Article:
Midterm(white identity)

Midterm(white identity) - My White Identity Growing up in...

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My White Identity Growing up in Boyertown – a town historically known for its affiliation with the KKK – there was very little diversity. While you no longer saw KKK members passing out pamphlets on the street by the time I reached high school, you also didn’t see many black families warming up to the area. While we didn’t really have a black community, the school district always made it a point to make sure we were aware of racism – perhaps in an effort to eliminate the historical perception that our town and schools were racist. They even went as far as getting our school into the “No Place for Hate” program and having “unity walks.” I don’t think the programs really changed anybody’s views on race, they just made us aware of how racist we were – and we embraced it. Almost every racist joke ended with “I’m just joking I’m not racist,” a pause, and then “well I guess I kind of am, but it’s ok – I’m from Boyertown.” Aside from its racism, Boyertown isn’t a very interesting place. Because of this, we spent most of our free time in neighboring Pottstown – an area with a much larger black community. Whenever you were at a Pottstown restaurant with a group of Boyertown friends you always did a quick scan of the area before opening your mouth to tell the story of your rare encounter with a black person. The worst was when you forgot to scan the room, loudly told your story, then found your friends giving you the “they’re sitting right behind you glare.” As much as surface racism was an everyday part of life in Boyertown, it never went beyond the “jokes.” Despite knowing that these jokes may have offended some, no one intended them too. In fact, having a friend of another race was almost a “cool” thing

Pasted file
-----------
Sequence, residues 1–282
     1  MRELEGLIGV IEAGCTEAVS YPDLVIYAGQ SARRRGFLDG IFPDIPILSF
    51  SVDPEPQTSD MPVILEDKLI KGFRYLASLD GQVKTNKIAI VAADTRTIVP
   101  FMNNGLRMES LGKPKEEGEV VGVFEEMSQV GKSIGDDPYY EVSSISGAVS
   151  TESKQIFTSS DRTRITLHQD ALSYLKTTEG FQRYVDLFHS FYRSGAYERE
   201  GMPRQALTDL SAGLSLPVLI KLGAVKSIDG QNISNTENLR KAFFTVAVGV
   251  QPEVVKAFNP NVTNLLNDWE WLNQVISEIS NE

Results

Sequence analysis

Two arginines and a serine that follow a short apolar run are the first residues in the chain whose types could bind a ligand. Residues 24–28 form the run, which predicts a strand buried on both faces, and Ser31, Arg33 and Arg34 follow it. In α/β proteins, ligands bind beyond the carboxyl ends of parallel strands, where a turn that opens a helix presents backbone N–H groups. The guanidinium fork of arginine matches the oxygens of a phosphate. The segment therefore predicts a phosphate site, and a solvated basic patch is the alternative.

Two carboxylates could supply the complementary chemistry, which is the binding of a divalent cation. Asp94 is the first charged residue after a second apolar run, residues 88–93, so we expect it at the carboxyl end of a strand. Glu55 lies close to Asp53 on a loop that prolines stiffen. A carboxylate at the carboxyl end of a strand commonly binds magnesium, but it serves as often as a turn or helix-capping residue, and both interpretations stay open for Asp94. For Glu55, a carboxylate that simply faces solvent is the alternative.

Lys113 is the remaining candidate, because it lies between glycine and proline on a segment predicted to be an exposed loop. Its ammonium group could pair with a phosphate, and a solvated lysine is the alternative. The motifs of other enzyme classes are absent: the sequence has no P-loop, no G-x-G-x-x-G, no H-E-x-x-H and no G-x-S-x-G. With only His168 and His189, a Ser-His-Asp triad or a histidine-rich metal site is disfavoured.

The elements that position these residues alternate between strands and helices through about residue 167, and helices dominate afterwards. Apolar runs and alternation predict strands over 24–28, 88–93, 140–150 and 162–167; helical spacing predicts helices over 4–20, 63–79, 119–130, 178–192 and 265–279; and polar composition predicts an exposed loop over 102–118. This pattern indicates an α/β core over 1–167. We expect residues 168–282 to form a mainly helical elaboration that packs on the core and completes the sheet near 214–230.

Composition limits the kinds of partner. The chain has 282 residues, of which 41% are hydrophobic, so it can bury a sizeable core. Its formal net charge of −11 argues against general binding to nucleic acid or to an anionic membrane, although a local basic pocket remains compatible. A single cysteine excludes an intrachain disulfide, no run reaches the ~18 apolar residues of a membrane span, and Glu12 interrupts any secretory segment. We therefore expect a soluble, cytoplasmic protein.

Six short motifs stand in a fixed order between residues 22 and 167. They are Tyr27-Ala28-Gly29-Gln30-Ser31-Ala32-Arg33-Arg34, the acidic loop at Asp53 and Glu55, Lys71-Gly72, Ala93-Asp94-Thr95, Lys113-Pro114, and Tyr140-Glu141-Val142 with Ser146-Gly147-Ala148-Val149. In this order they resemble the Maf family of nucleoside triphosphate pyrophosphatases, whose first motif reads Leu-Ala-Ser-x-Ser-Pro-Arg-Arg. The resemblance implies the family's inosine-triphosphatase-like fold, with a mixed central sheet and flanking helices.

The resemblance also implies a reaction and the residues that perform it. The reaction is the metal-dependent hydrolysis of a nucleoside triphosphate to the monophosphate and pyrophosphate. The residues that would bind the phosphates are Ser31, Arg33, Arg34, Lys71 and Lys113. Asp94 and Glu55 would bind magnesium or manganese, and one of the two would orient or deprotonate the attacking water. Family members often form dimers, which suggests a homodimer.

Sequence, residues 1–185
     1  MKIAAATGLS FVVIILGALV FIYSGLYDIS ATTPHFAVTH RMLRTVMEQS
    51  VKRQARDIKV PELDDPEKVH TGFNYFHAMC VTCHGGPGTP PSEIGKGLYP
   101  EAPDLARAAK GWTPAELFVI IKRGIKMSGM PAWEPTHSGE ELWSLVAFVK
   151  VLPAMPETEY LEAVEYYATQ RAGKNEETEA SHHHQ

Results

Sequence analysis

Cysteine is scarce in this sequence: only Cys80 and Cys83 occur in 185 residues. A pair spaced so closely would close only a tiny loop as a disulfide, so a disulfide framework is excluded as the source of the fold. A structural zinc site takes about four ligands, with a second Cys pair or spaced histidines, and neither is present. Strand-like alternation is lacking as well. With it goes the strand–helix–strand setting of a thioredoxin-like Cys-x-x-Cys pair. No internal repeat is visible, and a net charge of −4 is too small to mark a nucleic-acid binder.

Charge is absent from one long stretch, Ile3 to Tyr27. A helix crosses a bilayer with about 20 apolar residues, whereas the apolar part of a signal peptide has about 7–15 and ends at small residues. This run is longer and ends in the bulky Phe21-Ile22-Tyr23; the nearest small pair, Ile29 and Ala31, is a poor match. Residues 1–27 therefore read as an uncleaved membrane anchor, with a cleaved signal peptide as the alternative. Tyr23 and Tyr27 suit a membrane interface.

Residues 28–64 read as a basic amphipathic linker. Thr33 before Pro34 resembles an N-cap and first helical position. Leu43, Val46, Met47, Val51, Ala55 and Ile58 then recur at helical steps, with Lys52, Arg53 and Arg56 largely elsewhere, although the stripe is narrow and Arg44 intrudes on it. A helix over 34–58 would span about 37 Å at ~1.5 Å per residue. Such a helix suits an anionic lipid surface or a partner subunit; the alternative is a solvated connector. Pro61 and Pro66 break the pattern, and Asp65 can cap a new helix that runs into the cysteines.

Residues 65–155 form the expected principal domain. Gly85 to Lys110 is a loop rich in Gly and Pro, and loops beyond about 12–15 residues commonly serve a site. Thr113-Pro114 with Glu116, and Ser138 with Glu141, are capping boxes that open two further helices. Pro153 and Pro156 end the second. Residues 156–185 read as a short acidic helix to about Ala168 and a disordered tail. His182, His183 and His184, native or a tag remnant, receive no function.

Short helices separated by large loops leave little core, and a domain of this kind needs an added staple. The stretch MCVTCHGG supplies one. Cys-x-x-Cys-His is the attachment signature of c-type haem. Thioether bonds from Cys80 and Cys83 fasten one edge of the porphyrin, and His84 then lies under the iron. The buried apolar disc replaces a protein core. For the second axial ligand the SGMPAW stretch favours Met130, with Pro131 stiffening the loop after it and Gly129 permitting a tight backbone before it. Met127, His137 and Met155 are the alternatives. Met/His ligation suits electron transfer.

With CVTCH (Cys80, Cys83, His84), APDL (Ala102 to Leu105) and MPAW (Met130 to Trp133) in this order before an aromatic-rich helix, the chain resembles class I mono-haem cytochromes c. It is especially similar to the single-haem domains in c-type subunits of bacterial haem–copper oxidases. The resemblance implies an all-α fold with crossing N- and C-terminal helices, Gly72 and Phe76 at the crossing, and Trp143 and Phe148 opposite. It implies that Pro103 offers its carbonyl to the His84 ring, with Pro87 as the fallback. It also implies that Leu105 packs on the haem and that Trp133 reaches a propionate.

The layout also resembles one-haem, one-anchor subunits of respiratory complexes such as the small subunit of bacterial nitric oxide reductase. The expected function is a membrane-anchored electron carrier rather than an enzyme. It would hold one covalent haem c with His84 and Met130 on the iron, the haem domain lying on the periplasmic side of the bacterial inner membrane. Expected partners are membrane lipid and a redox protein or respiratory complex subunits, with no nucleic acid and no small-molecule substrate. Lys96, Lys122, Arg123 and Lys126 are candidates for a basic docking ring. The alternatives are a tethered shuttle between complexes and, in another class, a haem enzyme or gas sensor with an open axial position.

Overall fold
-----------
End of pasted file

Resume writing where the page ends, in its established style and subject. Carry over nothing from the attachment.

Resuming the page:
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during high school. There were so few people of varying race that having one as a friend was something special. This being said, it was very exciting when, as a senior, I finally had a class with a black sophomore named Shebin. The class was CUB, our school newspaper, and was made up of a very small group where everyone got to know everybody else fairly well. Shebin, however, kept to himself. The other kids in the class and I were very unsettled by this. He couldn’t possibly just be shy – it must have been because we were white.
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This note was uploaded on 04/19/2011 for the course EDUCATION 819 taught by Professor Polchinski during the Spring '11 term at Temple.

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Midterm(white identity) - My White Identity Growing up in...

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